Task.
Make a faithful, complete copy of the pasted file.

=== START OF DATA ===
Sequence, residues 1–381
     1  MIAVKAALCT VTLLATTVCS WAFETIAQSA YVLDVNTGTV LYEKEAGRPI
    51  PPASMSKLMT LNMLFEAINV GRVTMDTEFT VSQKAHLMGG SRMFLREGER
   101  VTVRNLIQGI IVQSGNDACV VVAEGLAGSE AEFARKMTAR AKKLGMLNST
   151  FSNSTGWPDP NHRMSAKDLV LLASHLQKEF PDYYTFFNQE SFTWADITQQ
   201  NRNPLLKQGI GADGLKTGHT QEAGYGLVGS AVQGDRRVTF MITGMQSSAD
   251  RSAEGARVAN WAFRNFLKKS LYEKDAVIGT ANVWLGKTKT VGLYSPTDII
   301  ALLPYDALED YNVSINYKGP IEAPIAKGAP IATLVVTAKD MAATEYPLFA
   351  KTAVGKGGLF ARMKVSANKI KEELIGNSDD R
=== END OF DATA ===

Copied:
Sequence, residues 1–381
     1  MIAVKAALCT VTLLATTVCS WAFETIAQSA YVLDVNTGTV LYEKEAGRPI
    51  PPASMSKLMT LNMLFEAINV GRVTMDTEFT VSQKAHLMGG SRMFLREGER
   101  VTVRNLIQGI IVQSGNDACV VVAEGLAGSE AEFARKMTAR AKKLGMLNST
   151  FSNSTGWPDP NHRMSAKDLV LLASHLQKEF PDYYTFFNQE SFTWADITQQ
   201  NRNPLLKQGI GADGLKTGHT QEAGYGLVGS AVQGDRRVTF MITGMQSSAD
   251  RSAEGARVAN WAFRNFLKKS LYEKDAVIGT ANVWLGKTKT VGLYSPTDII
   301  ALLPYDALED YNVSINYKGP IEAPIAKGAP IATLVVTAKD MAATEYPLFA
   351  KTAVGKGGLF ARMKVSANKI KEELIGNSDD R